Edited: March 8, 2019, 1:33 PM · A really good violinist can get a good sound out of almost anything. I don't know if you can tell from the video above, but Fiddlerman is working really hard to pull that sound out of the violin. He's also not playing with any variation in dynamic range or tone color- probably because he knows he can't on that instrument. I don't think he's being very honest about his $109 tests- there is no way *most* players below advanced levels would be able to pull that sound out of that violin.

You should be able to get an excellent instrument in your price range, but I recommend going violin shopping with a teacher or equivalent. Also, try out violins in the $25k range, $10k range, and then your range. That can help you see the difference and help you narrow down qualities you're looking for.

Edited to add: don't forget about the bow. A good bow is just as important as the violin. If you have a cheap crappy bow, you need to adjust your violin price range to account for purchasing a new bow as well.

March 8, 2019, 1:31 PM · "Violins are priced according to maker (brand), condition, appearance, age, geographic origin, and provenance. That’s it."

I disagree with that 100%. A violin with all those boxes checked won't sell unless the tone and responsiveness are there. A dealer can price according to your conditions, but again, if the tone is poor, it won't sell and market forces will dictate that he'll have to lower the price.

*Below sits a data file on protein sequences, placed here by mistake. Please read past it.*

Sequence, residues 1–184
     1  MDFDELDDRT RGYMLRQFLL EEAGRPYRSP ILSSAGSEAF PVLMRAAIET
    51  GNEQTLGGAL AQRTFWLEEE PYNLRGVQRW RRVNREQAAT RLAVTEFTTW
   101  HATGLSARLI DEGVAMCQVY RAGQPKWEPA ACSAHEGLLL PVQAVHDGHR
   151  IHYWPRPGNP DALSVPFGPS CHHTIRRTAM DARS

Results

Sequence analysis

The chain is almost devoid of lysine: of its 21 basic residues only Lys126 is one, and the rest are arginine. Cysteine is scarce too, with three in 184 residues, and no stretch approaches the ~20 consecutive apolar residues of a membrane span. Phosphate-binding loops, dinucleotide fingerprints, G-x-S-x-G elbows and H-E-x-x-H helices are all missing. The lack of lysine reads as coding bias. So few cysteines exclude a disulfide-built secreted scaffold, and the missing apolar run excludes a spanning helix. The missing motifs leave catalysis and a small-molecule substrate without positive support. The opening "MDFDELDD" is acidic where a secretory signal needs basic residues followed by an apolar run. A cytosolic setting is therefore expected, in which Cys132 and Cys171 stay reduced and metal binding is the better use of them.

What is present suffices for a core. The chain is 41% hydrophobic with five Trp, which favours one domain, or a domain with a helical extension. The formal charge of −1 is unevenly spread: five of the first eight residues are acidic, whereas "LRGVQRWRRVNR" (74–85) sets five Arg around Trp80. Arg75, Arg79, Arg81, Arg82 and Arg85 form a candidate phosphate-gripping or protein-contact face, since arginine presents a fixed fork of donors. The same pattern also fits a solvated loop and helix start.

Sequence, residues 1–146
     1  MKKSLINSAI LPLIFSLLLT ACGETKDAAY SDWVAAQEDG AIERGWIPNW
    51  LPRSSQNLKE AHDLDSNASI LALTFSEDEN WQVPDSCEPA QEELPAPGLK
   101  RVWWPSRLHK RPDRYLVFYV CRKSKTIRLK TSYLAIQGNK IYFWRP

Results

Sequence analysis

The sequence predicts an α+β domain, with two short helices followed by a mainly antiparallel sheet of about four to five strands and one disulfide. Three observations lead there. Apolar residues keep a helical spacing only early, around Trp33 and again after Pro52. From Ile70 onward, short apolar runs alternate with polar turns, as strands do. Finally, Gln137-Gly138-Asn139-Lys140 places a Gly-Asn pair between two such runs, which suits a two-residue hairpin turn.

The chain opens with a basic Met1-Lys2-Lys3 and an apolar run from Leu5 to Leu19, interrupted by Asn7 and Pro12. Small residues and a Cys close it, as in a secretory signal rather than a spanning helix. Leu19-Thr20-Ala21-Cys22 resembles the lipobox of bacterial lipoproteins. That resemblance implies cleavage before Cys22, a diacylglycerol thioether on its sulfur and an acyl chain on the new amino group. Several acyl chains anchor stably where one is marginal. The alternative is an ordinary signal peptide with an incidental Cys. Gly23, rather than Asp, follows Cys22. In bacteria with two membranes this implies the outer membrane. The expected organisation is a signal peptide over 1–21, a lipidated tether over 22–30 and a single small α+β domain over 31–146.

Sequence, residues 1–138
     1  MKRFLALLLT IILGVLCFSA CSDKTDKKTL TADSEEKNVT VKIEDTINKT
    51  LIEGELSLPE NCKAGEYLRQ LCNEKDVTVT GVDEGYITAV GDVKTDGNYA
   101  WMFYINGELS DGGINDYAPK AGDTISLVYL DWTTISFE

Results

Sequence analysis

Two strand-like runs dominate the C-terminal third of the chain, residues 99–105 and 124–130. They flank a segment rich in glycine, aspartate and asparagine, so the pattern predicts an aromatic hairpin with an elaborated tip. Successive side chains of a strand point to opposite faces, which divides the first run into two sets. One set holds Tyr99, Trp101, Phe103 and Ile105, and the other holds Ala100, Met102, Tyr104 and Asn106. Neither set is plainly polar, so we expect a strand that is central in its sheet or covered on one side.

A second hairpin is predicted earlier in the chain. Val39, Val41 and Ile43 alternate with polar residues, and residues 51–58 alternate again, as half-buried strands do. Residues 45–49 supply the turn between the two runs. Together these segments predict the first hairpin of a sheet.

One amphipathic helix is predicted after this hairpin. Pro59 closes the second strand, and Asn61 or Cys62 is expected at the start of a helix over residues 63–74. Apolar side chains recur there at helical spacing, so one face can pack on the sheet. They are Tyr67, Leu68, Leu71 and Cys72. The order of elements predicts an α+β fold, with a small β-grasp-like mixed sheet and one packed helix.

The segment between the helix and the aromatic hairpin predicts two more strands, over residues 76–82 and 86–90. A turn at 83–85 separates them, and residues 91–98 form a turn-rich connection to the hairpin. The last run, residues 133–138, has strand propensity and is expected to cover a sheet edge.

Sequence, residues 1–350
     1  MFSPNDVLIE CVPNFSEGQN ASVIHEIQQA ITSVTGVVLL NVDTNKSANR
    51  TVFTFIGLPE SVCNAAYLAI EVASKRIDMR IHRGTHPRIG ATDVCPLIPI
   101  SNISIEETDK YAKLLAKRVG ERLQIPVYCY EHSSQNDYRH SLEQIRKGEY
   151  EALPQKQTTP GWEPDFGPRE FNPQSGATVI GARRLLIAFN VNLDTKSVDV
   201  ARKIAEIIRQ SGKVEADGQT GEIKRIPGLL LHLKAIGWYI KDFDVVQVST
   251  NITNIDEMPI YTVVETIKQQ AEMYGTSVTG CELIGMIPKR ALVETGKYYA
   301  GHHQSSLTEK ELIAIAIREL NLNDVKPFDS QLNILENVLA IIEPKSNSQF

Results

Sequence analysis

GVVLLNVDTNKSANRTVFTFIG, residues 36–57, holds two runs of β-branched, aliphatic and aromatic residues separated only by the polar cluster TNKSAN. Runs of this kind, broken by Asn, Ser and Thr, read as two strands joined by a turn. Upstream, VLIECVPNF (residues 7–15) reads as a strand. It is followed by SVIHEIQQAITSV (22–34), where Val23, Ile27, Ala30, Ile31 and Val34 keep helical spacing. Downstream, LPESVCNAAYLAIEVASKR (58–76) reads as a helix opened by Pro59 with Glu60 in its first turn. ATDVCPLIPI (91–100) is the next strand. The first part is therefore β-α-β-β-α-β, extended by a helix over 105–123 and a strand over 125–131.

March 8, 2019, 2:16 PM · "I disagree with that 100%..."
Well I disagree with your statement 100% as well. I have looked at tried a lot of instruments old and new, especially in the price range we are talking about here. George has got this right. A violin can sound like crud but with the right other attributes will sell much higher than one with a good tone and responsiveness but some other defect(s) of his list. I have had dealers and maker/dealers tell me as much as well. I've also seen dealers (many) who can't play at all and never heard the instrument they are selling price totally on the factors George mention...
March 8, 2019, 2:40 PM · Asking price and selling price are two different things. A dealer can ask whatever s/he wants; look at the sales prices. If a dealer can price a cruddy violin and afford to wait possibly years for a naive buyer to come along and buy it, then maybe. But that's the exception, not the rule. They've got to pay their bills too.
Edited: March 8, 2019, 4:20 PM · Julie, I think Fiddlerman was being honest with that 109 violin test. There are tons of other test videos on YouTube for cheap violins. To name a few:

The old guy in the first video is Dietrich Lasa who owns Animato Strings in Queensland (all sorts of reviews on Google). He was selling a 230 AUD violin (160 USD approx). Fiddlerman, together with this guy, are people with good business sense I believe. If their businesses were intended to cheat people (for example, by unduly overstating the quality of a cheap violin), they won't be able to sustain and develop their businesses to this scale.

Not to say that violins under $300 can last you for long time. But most of them, surely, aren't VSO.